U.S. Pat. No. 3,811,503 describes an enhanced oil recovery method of the multi-well displacement type employing a mixture of carbon dioxide and light hydrocarbons in a critical ratio which forms a miscible transition zone between the mixture and the reservoir oil.
U.S. Pat. No. 4,136,738, S. Haynes, Jr. and F. H. Lim and R. B. Alston, Jan. 30, 1979, describes a multi-well displacement type of enhanced oil recovery method employing injecting first a slug of light hydrocarbon at a high rate followed by injecting carbon dioxide at a low rate to promote mixing between the hydrocarbon and carbon dioxide.
I have discovered that the problem associated with low productivity after injection of a slug of carbon dioxide is caused by a deposition of the high molecular weight fraction of formation crude oil which has been left in the flow channels of the formation adjacent the production well after the lower molecular weight fraction of the crude oil has been fractionated or selectively removed from the whole crude oil originally occupying the space adjacent to the production well, by the injected carbon dioxide fluid. Continued movement of fluid into the formation during the carbon dioxide injection phase, and subsequent movement of the mixture of formation petroleum and carbon dioxide in the early portion of the fluid production phase of the cyclic carbon dioxide flooding process results in formation of a zone adjacent to the production well having relatively high concentrations of these high molecular weight fraction formation petroleum. Loss of permeability in the portion of the formation immediately adjacent to the production well can be decreased or avoided altogether if after injection of the slug of carbon dioxide into the formation, that slug is followed immediately by the injection of a quantity of liquid hydrocarbon which remains liquid at the formation temperature and the injection pressure, sufficient to invade the portion of the permeable formation for a distance of from 4 to 10 feet from the injection well, plus sufficient volume to completely fill the injection string of the well. This allows contact between a relatively large quantity of liquid hydrocarbon with the high molecular weight hydrocarbon fraction of formation petroleum responsible for loss of permeability, thereby permitting removal of the permeability-reducing materials in the early part of the production cycle.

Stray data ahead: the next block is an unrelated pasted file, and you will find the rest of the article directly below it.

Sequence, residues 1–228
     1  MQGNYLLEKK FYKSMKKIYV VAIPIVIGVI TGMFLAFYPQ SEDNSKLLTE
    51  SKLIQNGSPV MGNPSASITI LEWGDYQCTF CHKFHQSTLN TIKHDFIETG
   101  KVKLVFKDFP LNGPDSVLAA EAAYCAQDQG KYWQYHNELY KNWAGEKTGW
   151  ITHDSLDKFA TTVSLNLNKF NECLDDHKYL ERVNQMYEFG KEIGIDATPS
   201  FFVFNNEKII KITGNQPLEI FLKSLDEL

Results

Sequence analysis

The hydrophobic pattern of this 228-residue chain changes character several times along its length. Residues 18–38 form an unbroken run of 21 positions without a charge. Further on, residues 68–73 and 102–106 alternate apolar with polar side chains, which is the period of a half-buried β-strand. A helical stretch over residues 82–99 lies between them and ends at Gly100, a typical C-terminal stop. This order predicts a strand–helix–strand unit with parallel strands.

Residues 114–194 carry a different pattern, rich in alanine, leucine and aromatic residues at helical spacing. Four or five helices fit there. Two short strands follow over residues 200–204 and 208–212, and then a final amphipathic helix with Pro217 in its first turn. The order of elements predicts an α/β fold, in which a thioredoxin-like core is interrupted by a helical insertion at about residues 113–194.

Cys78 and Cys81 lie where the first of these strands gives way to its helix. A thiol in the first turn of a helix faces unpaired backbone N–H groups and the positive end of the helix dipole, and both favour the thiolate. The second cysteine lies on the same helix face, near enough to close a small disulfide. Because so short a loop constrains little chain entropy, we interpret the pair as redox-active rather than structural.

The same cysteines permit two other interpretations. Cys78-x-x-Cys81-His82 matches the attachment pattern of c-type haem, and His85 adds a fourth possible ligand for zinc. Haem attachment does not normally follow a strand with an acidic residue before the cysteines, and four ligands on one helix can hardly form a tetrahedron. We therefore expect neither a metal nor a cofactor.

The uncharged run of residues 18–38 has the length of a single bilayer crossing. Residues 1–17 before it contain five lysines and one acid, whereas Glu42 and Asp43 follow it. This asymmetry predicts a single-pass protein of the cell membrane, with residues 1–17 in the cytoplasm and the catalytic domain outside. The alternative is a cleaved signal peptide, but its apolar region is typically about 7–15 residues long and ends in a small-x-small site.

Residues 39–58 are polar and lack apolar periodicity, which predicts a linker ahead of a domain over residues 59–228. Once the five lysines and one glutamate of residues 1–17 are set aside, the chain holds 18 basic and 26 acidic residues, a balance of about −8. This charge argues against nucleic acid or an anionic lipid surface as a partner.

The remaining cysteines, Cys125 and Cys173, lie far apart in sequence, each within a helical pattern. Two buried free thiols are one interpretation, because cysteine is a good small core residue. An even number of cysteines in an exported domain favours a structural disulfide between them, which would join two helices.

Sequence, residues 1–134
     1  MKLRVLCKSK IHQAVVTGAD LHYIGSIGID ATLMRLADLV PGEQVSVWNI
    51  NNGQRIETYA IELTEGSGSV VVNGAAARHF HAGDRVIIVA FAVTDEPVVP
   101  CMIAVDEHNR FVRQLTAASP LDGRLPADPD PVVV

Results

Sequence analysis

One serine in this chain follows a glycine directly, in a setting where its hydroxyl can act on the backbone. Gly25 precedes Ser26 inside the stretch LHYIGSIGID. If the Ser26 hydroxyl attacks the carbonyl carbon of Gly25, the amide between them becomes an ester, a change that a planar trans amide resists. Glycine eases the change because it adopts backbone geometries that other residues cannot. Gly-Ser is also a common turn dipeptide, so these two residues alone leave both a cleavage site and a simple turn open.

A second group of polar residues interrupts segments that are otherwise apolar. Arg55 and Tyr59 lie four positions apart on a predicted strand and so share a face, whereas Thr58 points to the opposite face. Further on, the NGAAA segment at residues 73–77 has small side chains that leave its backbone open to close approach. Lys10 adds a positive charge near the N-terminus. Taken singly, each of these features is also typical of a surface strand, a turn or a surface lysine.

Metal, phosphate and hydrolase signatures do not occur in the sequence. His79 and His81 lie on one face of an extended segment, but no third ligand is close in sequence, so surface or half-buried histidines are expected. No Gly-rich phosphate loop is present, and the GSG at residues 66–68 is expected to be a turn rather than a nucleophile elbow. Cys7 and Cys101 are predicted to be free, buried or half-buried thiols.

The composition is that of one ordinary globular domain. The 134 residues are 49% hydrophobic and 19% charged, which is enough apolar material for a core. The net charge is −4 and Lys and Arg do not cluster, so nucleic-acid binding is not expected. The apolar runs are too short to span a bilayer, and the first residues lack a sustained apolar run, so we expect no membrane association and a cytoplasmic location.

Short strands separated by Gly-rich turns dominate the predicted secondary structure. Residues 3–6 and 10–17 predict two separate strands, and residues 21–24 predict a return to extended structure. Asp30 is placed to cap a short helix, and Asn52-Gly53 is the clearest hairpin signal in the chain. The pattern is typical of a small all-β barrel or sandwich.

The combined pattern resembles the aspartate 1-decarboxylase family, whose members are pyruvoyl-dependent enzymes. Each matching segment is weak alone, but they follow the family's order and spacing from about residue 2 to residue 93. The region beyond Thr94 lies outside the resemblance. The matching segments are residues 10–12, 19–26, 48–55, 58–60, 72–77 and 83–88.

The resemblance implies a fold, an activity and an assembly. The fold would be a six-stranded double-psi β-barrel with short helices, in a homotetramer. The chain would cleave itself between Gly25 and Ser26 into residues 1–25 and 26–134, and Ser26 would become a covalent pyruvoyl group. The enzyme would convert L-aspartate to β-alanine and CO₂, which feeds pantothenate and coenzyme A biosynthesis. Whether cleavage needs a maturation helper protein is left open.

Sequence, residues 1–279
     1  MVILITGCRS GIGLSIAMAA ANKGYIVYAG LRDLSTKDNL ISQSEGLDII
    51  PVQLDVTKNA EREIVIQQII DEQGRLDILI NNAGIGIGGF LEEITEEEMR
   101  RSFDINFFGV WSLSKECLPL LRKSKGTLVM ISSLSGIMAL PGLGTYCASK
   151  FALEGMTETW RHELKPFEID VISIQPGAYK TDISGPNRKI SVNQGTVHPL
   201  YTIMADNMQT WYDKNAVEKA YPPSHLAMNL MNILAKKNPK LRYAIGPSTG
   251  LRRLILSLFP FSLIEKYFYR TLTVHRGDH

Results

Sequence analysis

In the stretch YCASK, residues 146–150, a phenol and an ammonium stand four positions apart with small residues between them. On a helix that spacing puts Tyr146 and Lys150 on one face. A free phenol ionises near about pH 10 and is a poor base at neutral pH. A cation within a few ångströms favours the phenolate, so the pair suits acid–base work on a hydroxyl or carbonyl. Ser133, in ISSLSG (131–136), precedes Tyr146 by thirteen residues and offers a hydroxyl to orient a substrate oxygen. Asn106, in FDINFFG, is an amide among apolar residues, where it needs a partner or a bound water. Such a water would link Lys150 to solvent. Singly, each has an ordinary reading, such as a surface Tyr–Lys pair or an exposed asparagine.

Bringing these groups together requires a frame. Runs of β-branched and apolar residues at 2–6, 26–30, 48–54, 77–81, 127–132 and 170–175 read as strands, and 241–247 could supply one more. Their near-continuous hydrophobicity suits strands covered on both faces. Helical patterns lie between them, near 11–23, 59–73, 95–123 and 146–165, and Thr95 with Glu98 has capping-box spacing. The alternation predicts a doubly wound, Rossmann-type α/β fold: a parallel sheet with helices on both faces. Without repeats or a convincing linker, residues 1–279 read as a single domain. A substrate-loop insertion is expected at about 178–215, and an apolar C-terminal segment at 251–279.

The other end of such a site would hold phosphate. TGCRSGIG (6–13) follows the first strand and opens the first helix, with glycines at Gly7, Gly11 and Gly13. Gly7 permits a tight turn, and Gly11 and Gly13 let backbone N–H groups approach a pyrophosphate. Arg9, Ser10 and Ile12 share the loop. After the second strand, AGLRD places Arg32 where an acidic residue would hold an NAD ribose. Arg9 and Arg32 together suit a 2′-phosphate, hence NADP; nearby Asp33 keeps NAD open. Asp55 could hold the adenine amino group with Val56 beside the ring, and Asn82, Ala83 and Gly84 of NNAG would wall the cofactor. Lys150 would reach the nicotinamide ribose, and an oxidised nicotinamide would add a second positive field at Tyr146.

The process of the present invention involves a method for stimulating production of petroleum from a subterranean deposit thereof by cyclic carbon dioxide injection, which is commonly referred to as push-pull or huff and puff CO2 stimulation. This process can be applied to a reservoir with as little as a single well drilled into the reservoir. Carbon dioxide is introduced into the formation via the well by injection under pressure, generally as high as is consistent with the supply of carbon dioxide and the tolerance of the formation to injection pressure. It is commonly estimated that the injection pressure should be in the range of from about 0.5 to about 0.8 pounds per square inch per foot of formation depth, although this can vary from one application to another depending on the particular formation being stimulated. The carbon dioxide is frequently made available in a high pressure form which insures that it is in the liquid state, although it is not essential to the present process whether the physical state of the carbon dioxide is liquid, gaseous or a mixture thereof at the time it enters the petroleum formation. Stimulation of this type usually contemplates that a plurality of cycles will be applied to the formation, each cycle comprising an injection phase in which carbon dioxide is introduced into the formation at a predetermined pressure until the flow rate diminishes, indicating that it has contacted about as much of the formation as is possible in the first cycle, after which injection is terminated and generally prior art references teach that a back pressure should be held on the fluid and the fluid allowed to soak in the formation for a predetermined period of time. After this soak period is completed, production of fluid from the formation via the well is begun, usually with a back pressure being held on the well during the production phase in order to ensure maximum petroleum production rather than a rapid withdrawal of the previously injected gas. As a general rule, where several stimulation cycles are used, the quantity of carbon dioxide injected in the second cycle will be somewhat larger than the quantity injected in the first injection cycle for several reasons. The first cycle will result in removal of petroleum from the formation, thereby increasing the porosity and permitting injection of larger quantities of carbon dioxide into the portion of the formation immediately adjacent to the production well than was originally feasible. The oil removal in the first cycle also permits the carbon dioxide to expand further into the formation in the second cycle, thereby contacting reservoir petroleum not contacted during the first injection cycle. The amount of carbon dioxide introduced into the formation depends of course on the thickness of the petroleum containing formation being stimulated and also on the porosity of the formation, since only the formation void space will be available to accept injected fluids. Prior art references teach that the amount of carbon dioxide that can be utilized in this type of stimulation is from 0.5 ton to approximately 20 tons per foot of formation depth. In the process of my invention, it is contemplated that the first injection phase will involve the use of from 0.4 to 16.0 and preferably 0.5 to 14.0 tons of carbon dioxide per foot of formation depth, with each successive cycle utilizing from 1 to 25 and preferably 5 to 20 percent more carbon dioxide than was used in the preceding cycle.